Loosely based on a true story, Profile is equal parts thrilling and dull. The film, shot in "computer screen" style, does a great job at immediately capturing your attention, only to slowly wane your interest by the time the credits roll. Director Timur Bekmambetov puts this movie entirely on a 2014 MacBook screen, a unique and sometimes mesmerizing style. Eventually, this gimmick loses its luster, and the constant FaceTime, iMessage, Skype, and Mail apps become more of a distraction and ultimately a restraint to the underlying thrill. Adapted from Anna Erelle's novel, "
In the Skin of a Jihadist, Profile examines the terrifyingly effective form of ISIS recruitment, especially as it pertains to young women. By using social media platforms, ISIS argets young women from around the world, gives them false hope and promises, and slowly convinces these girls to join their cause. A struggling English reporter, Amy (Valene Kane), decides to tackle this issue head on, risking her life to go undercover online, posing as a young girl vulnerable to manipulation. Shortly after a few Facebook "likes" and "shares," Amy is contacted by Bilel (Shazad Latif), a charming ISIS recruiter. As their relationship strengthens, Amy gets a look at some of the most dangerous and heartbreaking aspects of the ISIS recruitment process. If nothing else, Profile is an important movie. It sheds light on some of ISIS's methods, and it really shows how easy it can be to manipulate a young teenager through social media platforms. The acting is fine, but the cast is never really given much to do. The audience only views these characters through a video call lens, and most of the tension is built through the evolving investigation. By telling this story through a computer screen, Bekmambetov ( Ben-Hur, Wanted) limits some of the excitement as the film nears its completion. Even with the hindering style that eventually generates a sort of screen fatigue, the story is just gripping enough to keep the audience invested. Admittedly, Bekmambetov does a great job organizing chaos on screen; Amy switches from app to app in a frantic but controlled fashion, building tension with every Command+Tab input. You would be hard-pressed not to find this film immediately captivating, whether that has to do with the unique style of presentation, or the undercover investigation of a Jihadist recruiter. This interest loses its luster throughout the 106-minute runtime, however. Truly a thriller for a new age, Profile is worth a watch, if only for the brief insight into one of the world's most notorious terrorist organizations.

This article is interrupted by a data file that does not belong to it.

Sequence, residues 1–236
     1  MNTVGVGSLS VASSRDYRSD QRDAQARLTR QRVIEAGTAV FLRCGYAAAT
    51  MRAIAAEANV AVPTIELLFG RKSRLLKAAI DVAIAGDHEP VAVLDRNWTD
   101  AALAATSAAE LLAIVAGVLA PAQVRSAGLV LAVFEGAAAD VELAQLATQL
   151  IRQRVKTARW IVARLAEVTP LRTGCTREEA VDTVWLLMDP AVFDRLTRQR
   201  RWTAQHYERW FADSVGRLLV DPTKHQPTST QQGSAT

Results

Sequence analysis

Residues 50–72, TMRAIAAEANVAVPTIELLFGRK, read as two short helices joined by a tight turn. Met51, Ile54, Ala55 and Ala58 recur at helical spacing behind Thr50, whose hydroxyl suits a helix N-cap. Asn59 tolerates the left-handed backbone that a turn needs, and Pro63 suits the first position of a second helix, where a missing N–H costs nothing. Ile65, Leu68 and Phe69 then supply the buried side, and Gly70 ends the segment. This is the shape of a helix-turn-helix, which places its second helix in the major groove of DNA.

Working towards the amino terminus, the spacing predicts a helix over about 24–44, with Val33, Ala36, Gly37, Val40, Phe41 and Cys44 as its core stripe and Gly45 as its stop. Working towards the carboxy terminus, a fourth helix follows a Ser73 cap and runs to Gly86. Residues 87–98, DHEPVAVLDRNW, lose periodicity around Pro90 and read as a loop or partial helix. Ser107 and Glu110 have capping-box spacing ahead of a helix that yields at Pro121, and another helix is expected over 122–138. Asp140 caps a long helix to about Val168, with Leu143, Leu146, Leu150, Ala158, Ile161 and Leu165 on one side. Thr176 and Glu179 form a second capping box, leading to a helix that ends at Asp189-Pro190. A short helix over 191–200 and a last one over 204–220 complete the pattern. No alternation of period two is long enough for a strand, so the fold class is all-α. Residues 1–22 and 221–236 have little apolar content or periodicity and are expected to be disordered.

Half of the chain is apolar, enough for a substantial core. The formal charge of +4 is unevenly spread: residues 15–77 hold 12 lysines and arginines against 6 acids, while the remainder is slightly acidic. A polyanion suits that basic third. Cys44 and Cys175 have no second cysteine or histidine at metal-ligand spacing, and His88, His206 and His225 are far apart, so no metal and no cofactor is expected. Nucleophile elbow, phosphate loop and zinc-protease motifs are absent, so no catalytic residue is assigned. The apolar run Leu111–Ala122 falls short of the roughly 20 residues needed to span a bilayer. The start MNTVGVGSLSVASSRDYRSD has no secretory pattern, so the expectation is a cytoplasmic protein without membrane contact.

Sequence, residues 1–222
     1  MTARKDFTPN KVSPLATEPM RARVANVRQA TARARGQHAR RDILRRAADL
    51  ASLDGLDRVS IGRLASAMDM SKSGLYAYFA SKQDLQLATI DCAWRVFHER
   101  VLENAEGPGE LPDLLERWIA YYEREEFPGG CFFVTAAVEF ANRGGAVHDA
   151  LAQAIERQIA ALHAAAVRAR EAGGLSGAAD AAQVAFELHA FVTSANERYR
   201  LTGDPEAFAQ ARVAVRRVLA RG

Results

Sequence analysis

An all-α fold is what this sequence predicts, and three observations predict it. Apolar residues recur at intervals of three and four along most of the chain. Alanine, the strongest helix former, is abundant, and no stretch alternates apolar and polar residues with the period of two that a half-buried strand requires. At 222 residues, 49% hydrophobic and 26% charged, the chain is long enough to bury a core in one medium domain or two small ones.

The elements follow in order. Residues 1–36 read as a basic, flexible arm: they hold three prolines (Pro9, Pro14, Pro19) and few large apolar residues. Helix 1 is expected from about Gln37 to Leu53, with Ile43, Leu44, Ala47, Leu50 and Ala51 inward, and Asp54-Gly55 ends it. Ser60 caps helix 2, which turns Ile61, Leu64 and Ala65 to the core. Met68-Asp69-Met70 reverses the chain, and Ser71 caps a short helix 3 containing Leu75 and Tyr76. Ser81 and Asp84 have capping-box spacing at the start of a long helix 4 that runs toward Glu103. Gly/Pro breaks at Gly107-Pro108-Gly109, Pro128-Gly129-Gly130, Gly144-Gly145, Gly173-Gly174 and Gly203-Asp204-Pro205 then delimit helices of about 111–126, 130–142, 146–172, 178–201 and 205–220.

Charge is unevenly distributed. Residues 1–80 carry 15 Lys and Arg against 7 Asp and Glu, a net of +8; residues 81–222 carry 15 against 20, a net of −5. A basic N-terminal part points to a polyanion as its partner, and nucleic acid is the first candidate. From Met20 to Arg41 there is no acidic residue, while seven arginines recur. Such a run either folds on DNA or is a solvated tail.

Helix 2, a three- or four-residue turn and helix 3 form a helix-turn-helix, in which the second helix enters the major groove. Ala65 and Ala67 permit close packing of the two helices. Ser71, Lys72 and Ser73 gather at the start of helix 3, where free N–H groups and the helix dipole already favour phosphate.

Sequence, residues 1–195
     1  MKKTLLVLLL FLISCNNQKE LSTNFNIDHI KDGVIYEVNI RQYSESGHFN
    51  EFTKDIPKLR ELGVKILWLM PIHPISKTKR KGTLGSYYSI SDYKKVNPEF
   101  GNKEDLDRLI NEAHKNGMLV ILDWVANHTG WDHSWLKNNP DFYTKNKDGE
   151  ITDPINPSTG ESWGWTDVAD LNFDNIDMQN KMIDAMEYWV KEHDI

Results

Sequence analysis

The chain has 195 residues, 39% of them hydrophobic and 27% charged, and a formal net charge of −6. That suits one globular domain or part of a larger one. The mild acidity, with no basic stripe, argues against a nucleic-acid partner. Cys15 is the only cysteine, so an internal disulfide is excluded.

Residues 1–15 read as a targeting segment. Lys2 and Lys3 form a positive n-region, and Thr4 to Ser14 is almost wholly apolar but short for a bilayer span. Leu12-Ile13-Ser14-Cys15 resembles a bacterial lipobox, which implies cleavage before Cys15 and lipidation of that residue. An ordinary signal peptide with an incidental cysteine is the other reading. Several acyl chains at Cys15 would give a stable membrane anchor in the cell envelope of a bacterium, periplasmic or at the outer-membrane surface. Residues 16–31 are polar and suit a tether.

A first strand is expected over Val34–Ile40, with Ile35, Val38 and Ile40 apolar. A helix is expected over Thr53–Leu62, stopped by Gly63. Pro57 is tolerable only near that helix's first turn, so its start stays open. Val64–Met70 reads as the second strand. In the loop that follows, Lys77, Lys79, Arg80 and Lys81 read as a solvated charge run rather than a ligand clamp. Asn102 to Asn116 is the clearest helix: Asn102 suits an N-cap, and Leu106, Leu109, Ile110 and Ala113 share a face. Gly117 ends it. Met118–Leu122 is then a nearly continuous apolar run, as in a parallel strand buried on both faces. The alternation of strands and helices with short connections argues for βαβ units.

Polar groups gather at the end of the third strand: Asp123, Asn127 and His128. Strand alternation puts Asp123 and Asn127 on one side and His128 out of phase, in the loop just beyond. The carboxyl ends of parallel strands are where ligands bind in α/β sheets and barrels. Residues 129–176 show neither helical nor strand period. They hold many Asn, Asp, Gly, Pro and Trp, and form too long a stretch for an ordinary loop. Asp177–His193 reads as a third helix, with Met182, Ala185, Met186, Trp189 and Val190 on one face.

All Movie Guide - Travis Norris